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Going Electric Saves Water

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The switch from steam to electric sterilizers will significantly reduce water consumption.

Two Vancouver hospitals, Mount Saint Joseph (MSJ) and St. Paul’s Hospital (SPH) are undergoing an exciting initiative that is projected to save 5,600 cubic metres of water annually. Recommended by Mehrdad Gharibnavaz, Providence Health Care’s Energy and Emissions Manager, and led by Tony Munster, Executive Director of Projects, Planning & Facilities Management at Providence, this project aims to replace the hospitals’ aging steam sterilizers while reducing carbon emissions and water usage. The initiative aligns with CleanBC’s targets for emission reduction and offers financial incentives of around $40,000 to 50,000 per sterilizer. Between the two hospitals, five sterilizers will be replaced by the end of the 2023 calendar year.

Sterilizers play a crucial role in ensuring equipment used in operating rooms is thoroughly disinfected. In the past, steam sterilizers were the most effective and cost-efficient method because they could reach all areas of surgical equipment. However, steam sterilizers require a large amount of water and use natural gas to maintain the high temperature needed for effective disinfection. Since the steam sterilizers at both MSJ and SPH are near the end of their lifetime and need to be replaced, this was an opportunity to look at other options on the market.

In their search, the project team discovered a promising alternative—electric sterilizers. Unlike its steam counterpart, the electric sterilizer only requires a minimal amount of water to operate. The new sterilizers will reduce water usage by up to 99 per cent, and carbon emissions could be reduced by the same percentage by switching from natural gas to hydro electricity.

“We were excited to learn about the electric sterilizers and their carbon emission benefits,” says Tony. “When we also learned about the significant water reduction savings, we were convinced. Switching to electric sterilizers will decrease our emissions and contribute to planetary health.”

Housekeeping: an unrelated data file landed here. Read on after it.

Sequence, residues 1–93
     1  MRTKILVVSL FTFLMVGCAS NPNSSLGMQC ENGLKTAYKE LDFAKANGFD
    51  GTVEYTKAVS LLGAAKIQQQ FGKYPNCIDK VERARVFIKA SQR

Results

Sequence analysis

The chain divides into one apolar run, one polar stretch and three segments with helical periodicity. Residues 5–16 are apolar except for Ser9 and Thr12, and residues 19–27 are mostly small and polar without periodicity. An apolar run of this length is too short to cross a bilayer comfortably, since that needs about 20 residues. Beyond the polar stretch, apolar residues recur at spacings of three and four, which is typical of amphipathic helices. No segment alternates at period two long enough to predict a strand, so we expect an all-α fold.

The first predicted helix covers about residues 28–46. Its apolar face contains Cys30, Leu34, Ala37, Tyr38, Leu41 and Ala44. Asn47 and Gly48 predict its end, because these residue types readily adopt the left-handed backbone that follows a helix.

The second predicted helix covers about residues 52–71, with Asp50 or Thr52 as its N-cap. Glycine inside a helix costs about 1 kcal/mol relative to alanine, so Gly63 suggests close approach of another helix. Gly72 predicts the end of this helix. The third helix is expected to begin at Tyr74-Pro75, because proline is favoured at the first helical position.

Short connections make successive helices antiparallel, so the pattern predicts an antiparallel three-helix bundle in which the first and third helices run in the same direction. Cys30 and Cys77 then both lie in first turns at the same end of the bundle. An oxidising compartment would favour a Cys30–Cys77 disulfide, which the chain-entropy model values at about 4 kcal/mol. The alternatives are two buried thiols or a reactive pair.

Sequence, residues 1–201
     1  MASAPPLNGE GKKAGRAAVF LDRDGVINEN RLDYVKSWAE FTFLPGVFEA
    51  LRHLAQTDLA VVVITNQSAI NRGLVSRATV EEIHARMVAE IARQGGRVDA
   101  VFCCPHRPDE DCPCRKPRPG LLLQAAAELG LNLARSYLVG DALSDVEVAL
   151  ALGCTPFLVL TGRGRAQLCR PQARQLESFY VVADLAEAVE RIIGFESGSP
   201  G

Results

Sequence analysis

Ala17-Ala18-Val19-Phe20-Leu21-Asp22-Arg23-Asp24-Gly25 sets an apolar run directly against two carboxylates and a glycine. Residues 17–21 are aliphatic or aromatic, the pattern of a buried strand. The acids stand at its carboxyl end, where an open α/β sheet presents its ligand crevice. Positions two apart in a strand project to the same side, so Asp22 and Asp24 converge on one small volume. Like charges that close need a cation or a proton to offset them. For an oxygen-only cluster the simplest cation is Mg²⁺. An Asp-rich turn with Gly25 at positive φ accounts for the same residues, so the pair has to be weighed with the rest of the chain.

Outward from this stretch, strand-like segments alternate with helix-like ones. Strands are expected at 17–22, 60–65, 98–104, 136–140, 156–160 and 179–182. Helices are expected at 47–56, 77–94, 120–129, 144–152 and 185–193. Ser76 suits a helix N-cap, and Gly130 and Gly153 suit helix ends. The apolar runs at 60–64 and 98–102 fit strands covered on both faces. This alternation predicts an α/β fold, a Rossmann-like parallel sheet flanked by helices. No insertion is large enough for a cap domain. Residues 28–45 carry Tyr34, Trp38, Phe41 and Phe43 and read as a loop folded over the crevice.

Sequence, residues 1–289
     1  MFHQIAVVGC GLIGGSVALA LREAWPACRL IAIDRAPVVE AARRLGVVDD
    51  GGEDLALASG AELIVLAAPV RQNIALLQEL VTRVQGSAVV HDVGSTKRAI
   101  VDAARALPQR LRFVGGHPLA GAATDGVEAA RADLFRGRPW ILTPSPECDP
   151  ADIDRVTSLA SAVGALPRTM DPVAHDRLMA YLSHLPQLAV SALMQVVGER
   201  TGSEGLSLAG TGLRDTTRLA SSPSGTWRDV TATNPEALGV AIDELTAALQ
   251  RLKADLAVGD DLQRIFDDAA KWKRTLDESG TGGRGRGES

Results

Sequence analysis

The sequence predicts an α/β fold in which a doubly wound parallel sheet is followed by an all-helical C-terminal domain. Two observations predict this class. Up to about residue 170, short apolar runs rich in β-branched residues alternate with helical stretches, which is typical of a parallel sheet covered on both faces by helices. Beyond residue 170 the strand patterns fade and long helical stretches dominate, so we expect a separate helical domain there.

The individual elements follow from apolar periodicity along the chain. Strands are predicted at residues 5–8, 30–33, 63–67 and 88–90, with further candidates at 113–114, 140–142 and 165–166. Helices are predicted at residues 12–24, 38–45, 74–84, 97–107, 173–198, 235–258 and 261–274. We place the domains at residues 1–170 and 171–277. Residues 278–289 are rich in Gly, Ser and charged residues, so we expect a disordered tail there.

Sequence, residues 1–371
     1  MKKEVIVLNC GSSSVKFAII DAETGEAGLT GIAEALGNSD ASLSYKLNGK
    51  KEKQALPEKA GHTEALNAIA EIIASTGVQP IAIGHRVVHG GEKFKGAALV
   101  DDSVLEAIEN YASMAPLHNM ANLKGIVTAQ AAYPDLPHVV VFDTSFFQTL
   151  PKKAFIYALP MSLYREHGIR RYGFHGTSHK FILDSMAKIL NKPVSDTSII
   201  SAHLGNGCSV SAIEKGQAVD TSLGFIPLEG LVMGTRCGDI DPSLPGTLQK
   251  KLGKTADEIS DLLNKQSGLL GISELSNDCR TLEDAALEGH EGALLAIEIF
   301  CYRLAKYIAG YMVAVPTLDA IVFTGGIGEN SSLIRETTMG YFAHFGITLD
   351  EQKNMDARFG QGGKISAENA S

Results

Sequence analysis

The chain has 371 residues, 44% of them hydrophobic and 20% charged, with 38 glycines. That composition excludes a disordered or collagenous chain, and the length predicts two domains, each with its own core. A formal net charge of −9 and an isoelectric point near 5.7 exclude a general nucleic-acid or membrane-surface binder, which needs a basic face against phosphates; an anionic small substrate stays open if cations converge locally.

The new technology also offered an avenue to capture subsidies from CleanBC, the BC Government’s plan to lower climate-changing emissions by 40 per cent by 2030. Providence kicked off the project in 2022 with a feasibility study and planning phase to accommodate the different infrastructure needs between the steam and electric sterilizers.

“We encountered some challenges during the project, particularly in terms of infrastructure and electrical capacity,” says Tony. “However, with the support of our team – Impact Engineering, AG Engineering and BC Hydro – we were able to overcome these obstacles and stay on track to achieve our goals. It’s been a collaborative effort, and we’re proud of the progress we’ve made. It signifies our commitment to environmental values and targets. It’s a worthwhile investment that helps us reduce emissions, water consumption and create a healthier future for our community.”

Providence hospitals are setting an example for health care facilities looking to minimize their environmental footprint while ensuring patient safety. Through collaboration and innovation, the PHC project team has developed clean energy solutions, while making important strides towards a more sustainable health care system.